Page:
If you are the caretaker of small children, you implicitly understand complex physics that take others many, many years to fumble towards. For example, as the parent of little humans, you understand that time is not constant, but rather a relative, fluid thing. You know this in your bones, and it’s what helps you understand how February can both inch by at glacial paces and temperatures, yet somehow skitter past so quickly that it’s now several days into Lent and you haven’t even begun thinking of how to involve your small progeny in its observance.
Never fear! As a woman with over a decade of Lent-with-children under my belt, I have some simple, spiritually relevant, and moderately painless suggestions to help you instill a sense of Liturgical awareness into your progeny.
First off, do you have a printer? If so, go print off this calendar immediately. I don’t know who Traci Smith is, but based on her calendar alone, I want to make her my best friend. An entire Lent full of easy activities that focus on the three pillars of the season: prayer, fasting, and almsgiving. Our printer is broken, so I hounded my husband to make a copy at work, and it’s slapped up on the fridge, front and center. I check it out every morning when I stumble to get the cream for my coffee, and boom! an idea to help anchor the day’s spiritual focus.
If you feel that your crafting skills are up for it, the prayer chain is always a crowd favorite. Count out how many days left in Lent (at the time of this writing, there are roughly 750 more, give or take) and cut that many strips of paper. As a family, start a list of prayer intentions. You can direct suggestions as much or as little as you want. Last year when we did it, we just let the kids come up with whatever prayer intention the Holy Spirit prompted in their hearts, so we had things like, “For all the people of Nova Scotia”, or “for everyone who wants a pet but can’t have one because their family is allergic to them” peppered in among the more traditional prayer intentions. Write one intention per strip of paper, turn the strips into a chain, and hang it up. Once per day, tear off a link in the chain, pray as a family for the intention written on it, and watch Easter come ever closer.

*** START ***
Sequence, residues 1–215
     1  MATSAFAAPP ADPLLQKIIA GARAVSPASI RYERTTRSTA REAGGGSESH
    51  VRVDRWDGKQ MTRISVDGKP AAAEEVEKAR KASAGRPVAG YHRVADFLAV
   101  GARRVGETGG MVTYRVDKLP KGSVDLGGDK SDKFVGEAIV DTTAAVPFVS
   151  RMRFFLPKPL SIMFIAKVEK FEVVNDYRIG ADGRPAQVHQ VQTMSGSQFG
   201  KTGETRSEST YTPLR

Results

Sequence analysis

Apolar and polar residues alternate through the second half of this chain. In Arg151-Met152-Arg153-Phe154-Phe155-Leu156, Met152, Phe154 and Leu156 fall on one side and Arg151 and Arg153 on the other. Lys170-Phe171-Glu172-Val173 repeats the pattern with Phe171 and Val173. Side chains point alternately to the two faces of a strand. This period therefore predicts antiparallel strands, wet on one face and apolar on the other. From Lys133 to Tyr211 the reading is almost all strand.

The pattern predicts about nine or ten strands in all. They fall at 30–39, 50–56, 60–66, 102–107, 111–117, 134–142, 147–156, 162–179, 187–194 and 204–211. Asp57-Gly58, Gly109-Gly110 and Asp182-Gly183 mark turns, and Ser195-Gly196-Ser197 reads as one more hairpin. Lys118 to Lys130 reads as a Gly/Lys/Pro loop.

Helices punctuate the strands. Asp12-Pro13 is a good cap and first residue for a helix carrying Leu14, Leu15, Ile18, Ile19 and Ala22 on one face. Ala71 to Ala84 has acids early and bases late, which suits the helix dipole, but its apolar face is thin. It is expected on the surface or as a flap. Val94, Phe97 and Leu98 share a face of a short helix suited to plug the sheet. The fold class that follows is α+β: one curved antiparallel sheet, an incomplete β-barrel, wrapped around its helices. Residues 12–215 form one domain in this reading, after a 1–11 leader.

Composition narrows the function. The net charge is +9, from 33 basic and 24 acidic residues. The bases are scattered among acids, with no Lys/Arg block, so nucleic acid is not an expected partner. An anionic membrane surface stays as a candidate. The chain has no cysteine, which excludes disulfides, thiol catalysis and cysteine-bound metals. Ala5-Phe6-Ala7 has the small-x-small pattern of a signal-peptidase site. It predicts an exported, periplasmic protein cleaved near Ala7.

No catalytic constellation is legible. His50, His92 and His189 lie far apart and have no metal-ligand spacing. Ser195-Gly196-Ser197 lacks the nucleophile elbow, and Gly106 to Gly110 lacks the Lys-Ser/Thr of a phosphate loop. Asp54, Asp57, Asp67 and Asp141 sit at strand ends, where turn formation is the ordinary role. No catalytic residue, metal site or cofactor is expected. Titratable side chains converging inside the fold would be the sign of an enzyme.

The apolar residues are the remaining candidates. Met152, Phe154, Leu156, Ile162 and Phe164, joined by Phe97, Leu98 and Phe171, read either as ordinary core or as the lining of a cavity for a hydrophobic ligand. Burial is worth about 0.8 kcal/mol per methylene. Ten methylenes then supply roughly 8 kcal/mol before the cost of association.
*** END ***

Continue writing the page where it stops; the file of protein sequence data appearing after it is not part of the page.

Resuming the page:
Have older kids? Find some jumbo-sized plastic Easter eggs, and write each person in the family’s name on them, one name per egg. Encourage the family to do small acts of kindness for one another- secretly do a chore for them, pray a Rosary for them, leave them a small, unexpected gift. Each time they do, have them write it down on a small slip of paper- “I prayed a Rosary for you”, or “I made your bed for you”, “I went a day without TV for your prayer intentions” etc.- and put the paper in the person’s egg. On Easter, the family opens their eggs and sees all the prayers, fasting, and acts of kindness that were done for them. Since the slips of paper have no names written on them, this is a great way to help older kids practice the Matthew 6:3 ninja skills, namely: doing good works in such a way that your left hand doesn’t know what your right hand is doing. If you have adolescents, this is a particularly poignant activity, since the equal-but-opposing desires to be seen and also to blend in are frequently at battle.
Ultimately, though, the efficacy of Lent is not dependent on the quality of crafts or activities. If you, as the guardian of some of God’s most profound blessings, are already feeling rushed, and overscheduled, and stretched to the breaking point, don’t add anything else during this season. There is no Lenten Olympics, and there are no medals for most Pinteresty observance of the season. As my six-year old says, “Lent is for making your heart bigger for Jesus”. If all you can manage with your children is extra time at night, curled up together and murmuring prayers of adoration, of supplication, of contrition, then breathe easy, knowing you’ve spent part of this season helping your child grow a bigger heart for Christ.